When automotive giant Volkswagen Group set out to build a hybrid, they utilized a recipe that would be ideal for a sportscar: light weight, amazing aerodynamics and a low center of gravity.
The result was the Volkswagen XL1.
But what happens when that same automotive giant takes that same recipe and adds a powerful two-cylinder engine from a motorcycle?
The Volkswagen XL Sport.
Deriving a sportscar from the world’s most fuel-efficient production car, may not the first choice for many, but thankfully Volkswagen used it as a starting point and the result is nothing short of stunning.
In order to make its hybrid a sportscar, Volkswagen replaced the 800 cc turbo diesel with the Ducati 1199 Superleggera V-Twin two-cylinder engine. The 1199 cc double-overhead-cam engine makes 197 horsepower and can rev all the way up to 11,000 rpm. Putting this power to the ground is accomplished through a seven-speed DSG dual clutch.
Thanks to this high-revving motorcycle engine, the aforementioned light weight, and co efficient of drag, the XL Sport has a top speed of 168 miles per hour and a zero to 62 time of 5.7 seconds.
Its aerodynamics are one of the most interesting parts of this car. The original XL1 had a coefficient of drag of 0.189, which has increased to 0.258.
This is due to changes made to optimize downforce, special vanes that direct the air, wheelarch vents, a extendable rear spoiler (like the one utilized by the Lamborghini Aventador) and other changes.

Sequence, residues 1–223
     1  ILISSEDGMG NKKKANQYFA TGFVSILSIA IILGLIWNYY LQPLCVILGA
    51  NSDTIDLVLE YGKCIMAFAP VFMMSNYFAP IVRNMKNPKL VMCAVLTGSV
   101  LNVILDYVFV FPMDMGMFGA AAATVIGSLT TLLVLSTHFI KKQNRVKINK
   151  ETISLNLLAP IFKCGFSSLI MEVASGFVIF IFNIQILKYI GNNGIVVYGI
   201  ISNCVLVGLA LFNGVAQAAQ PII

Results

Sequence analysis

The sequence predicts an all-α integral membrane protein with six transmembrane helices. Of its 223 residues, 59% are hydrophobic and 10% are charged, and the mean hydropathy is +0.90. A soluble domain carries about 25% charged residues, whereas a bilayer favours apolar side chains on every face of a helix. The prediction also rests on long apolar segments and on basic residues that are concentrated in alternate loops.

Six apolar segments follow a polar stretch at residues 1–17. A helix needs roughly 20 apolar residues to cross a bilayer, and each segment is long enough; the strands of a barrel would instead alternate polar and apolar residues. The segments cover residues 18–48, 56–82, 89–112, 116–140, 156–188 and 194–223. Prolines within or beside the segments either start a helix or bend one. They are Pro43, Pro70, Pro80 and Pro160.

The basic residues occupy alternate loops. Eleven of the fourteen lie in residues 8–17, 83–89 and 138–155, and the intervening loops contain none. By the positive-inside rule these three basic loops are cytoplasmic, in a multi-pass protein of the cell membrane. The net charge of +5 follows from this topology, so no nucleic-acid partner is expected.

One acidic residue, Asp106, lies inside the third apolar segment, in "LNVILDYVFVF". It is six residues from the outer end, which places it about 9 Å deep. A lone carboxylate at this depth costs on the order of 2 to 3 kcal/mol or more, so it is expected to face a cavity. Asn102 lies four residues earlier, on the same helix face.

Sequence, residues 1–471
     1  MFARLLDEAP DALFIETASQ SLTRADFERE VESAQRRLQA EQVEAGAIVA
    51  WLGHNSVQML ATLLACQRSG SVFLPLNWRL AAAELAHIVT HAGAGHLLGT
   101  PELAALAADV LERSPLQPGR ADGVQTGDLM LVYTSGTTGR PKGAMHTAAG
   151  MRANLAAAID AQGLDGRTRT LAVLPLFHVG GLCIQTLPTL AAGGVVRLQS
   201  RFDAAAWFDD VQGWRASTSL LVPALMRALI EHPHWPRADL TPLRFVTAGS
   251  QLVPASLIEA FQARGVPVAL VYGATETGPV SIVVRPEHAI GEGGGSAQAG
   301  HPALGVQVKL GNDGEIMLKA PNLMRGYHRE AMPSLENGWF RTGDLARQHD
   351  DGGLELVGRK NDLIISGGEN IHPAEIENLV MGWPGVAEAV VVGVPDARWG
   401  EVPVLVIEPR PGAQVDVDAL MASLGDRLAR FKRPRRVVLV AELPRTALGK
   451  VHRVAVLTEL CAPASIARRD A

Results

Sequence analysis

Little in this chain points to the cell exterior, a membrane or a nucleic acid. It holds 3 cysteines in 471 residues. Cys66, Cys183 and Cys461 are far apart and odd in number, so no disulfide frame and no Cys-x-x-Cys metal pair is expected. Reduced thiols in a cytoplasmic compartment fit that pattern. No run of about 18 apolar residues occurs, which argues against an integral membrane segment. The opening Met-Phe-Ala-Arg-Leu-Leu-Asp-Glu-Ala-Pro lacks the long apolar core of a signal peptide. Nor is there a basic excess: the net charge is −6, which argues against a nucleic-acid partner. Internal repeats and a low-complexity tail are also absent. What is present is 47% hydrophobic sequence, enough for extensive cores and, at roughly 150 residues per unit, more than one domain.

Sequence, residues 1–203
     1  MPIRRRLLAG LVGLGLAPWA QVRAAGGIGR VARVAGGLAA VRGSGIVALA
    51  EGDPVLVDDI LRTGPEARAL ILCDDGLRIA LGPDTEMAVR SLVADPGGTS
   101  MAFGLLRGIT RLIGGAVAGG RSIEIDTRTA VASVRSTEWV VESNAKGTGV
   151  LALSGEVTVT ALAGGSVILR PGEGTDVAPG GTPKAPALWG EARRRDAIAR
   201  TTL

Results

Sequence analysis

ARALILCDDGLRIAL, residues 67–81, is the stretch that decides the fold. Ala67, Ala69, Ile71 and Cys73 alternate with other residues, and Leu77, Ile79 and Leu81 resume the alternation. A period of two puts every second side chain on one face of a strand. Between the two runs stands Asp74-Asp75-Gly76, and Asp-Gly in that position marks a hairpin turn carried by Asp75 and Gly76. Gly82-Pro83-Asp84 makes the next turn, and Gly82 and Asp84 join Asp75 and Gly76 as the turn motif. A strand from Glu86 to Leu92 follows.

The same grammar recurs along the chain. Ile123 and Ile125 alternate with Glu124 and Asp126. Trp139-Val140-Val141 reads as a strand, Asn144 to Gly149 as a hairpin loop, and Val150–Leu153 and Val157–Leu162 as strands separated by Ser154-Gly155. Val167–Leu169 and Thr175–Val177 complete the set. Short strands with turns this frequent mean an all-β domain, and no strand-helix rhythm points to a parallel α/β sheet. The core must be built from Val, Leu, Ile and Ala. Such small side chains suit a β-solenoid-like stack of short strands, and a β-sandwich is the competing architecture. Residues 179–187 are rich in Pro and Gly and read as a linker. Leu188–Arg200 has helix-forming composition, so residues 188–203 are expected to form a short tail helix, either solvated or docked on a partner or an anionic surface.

With all of the changes to the powertrain, radical changes were needed to the chassis, which includes the use of steel subframes, which house upper and lower control arms in the front with a pullrod actuation for the dampers and pushrods in the rear. Additionally stopping will be handled by ceramic brakes.
Weight savings continues with the use of magnesium-alloy wheels instead aluminum-alloy wheels resulting a weight savings of 53 pounds.
The two models do share certain design similarities, but there are certain characteristics that set the two apart.
First of all, the XL Sport is longer and wider. This is necessary because of the need for additional downforce and packaging of the chassis and powertrain.
Currently there is no word if the XL Sport will be put into production.
Let’s hope it does, even if it’s a limited production run like the XL1, which is shares so much with.